Bazalgette supports ‘Creative Clusters’ beyond London in new report 6/10/2017

The government has published the review it commissioned from Sir Peter Bazalgette on the future of the Creative Industries. Bazalgette, now Chair at ITV, says he concentrated on areas where government and the sector could work together, and where there is a ‘clear case for action to address…barriers to growth’.  Creative industries are outperforming other sectors, showing a growth of 300,000 jobs in four years from 2011 – 2015. They are highly resistant to automation with 87% of jobs likely to be safe, and work expected to continue expanding in the sector. Issues that Bazalgette says need to be addressed include:  

  • Direct investment in creative industries R&D is too low – and at the moment although R&D occurs, it is not fully formed or recognised.
  • Overall the UK has a respected IP framework, but more can be done through data transparency to ‘realise the value of intangible IP’.
  • There are many micro enterprises in the creative industries, which lack access to finance.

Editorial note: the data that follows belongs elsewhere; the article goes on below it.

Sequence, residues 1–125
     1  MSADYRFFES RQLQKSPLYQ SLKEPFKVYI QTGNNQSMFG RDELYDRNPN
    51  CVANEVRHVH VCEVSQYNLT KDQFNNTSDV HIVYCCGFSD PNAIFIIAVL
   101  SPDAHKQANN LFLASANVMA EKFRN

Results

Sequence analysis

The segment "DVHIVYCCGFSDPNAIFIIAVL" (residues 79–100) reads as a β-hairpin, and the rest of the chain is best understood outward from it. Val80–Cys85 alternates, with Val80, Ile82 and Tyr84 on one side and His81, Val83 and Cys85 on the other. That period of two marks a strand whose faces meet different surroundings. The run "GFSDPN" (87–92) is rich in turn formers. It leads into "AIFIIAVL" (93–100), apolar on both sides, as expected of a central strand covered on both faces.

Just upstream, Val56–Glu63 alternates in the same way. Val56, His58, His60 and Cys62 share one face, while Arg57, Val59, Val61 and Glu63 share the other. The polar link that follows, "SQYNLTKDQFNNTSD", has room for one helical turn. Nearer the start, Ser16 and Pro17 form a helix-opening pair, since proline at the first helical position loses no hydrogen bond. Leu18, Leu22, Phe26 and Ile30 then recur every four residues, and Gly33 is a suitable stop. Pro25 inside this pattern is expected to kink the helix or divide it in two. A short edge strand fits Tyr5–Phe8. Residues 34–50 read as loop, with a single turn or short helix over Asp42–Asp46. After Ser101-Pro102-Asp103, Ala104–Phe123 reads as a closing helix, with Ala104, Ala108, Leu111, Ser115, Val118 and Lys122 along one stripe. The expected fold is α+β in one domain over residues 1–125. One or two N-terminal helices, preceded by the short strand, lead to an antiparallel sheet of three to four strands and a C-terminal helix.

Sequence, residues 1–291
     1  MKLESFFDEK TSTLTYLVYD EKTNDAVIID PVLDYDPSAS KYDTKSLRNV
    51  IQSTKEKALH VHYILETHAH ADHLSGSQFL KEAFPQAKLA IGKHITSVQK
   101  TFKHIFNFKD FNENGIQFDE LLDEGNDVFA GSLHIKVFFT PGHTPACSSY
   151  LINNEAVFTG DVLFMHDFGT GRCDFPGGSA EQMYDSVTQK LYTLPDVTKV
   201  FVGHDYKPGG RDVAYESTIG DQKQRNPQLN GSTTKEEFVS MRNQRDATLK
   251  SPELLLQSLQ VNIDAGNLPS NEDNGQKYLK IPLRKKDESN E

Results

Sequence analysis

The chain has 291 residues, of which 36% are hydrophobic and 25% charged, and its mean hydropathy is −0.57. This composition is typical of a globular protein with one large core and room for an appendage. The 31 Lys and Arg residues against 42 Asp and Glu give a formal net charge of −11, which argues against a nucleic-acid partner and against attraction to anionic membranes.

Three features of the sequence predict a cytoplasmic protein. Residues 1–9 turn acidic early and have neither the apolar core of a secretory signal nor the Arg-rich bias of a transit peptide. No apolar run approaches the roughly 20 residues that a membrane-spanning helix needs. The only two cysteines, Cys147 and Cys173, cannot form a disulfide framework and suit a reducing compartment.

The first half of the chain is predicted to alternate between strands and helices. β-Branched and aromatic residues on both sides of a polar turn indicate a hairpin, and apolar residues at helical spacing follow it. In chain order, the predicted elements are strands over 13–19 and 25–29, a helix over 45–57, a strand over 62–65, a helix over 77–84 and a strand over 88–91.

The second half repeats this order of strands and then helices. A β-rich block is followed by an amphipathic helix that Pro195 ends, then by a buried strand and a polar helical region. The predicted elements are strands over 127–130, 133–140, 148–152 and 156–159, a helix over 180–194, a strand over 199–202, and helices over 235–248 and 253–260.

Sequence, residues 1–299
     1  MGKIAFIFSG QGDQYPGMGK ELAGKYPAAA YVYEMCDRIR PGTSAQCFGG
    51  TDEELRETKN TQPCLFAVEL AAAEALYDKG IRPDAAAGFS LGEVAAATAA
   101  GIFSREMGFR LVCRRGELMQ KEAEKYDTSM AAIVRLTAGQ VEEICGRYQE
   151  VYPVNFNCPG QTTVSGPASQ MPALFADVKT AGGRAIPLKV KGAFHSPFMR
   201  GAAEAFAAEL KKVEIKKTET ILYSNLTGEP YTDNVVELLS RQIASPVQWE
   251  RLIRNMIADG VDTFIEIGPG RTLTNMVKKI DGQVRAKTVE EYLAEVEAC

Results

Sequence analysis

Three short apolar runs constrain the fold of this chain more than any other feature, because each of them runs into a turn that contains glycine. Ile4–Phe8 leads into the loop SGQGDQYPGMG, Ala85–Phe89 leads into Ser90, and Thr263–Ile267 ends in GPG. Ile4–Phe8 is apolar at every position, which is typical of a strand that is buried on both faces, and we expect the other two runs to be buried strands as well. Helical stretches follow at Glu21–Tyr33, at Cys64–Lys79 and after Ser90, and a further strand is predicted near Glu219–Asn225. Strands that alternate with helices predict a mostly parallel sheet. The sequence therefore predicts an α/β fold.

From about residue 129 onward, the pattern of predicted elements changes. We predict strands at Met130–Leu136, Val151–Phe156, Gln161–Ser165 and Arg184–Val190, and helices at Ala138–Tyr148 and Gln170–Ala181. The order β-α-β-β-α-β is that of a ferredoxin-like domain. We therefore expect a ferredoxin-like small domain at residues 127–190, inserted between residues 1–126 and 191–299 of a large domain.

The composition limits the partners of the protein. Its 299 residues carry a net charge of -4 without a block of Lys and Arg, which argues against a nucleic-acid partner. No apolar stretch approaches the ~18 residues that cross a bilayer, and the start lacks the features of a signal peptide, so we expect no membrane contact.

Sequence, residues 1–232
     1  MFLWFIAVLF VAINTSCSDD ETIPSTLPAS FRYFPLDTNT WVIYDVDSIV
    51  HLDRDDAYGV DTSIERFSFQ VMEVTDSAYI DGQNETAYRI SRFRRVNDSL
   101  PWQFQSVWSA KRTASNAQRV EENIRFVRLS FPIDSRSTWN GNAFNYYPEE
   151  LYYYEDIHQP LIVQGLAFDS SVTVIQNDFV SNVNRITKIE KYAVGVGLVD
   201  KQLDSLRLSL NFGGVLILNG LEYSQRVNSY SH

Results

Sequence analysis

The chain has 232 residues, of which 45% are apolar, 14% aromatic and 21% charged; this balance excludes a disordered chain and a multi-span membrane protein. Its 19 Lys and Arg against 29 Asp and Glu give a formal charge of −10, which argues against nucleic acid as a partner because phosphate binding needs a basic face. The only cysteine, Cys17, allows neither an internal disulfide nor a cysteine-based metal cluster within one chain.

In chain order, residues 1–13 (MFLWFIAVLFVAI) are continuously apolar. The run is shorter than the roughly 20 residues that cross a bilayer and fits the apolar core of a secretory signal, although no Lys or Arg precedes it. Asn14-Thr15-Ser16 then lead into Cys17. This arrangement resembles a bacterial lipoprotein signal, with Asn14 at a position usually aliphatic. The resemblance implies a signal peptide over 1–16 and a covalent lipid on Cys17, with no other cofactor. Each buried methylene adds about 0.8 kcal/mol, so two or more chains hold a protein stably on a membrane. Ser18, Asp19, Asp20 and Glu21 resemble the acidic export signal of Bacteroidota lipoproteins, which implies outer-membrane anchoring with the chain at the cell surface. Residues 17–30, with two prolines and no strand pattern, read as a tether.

• There should be more direct investment in virtual and augmented reality, including extending the UK Games Fund.
  • The Creative Industries should establish a new, bespoke International Trade Board in partnership with the Department for International Trade.


He says the results of a successful plan would include:  

  • A national spread of creative industries jobs across the country, narrowing the gap between the South East and other regions.
  • One million new creative jobs by 2030 and a more diverse workforce, more representative of UK society.
  • Sustained growth of 3.9% year on year leading to a GVA (Gross Value Added) of £128.4bn by 2025.

  The government said it is now considering the report, but it has already led to an £80m competition to create ‘Creative Clusters’, managed by the Arts and Humanities Research Council. Professor Andrew Chitty of AHRC commented “Baz’s most striking conclusion is that the UK needs to recognise that creative businesses thrive and grow where they’re thick on the ground and can share ideas.” The competition will be for Research and Development (R&D) partnerships to drive innovation in eight clusters across the UK. Each winning R&D partnership will receive £6 - £9m towards economic development. The report points to Wakefield as an example of good practice, where a hive of music studios, Yorkshire Sculpture Park and Hepworth Wakefield create a core of creativity, which is easier to build from than ‘brand new clusters in cold spots’. (press release), AHRC, (report) (Culture Secretary’s speech), Museums Journal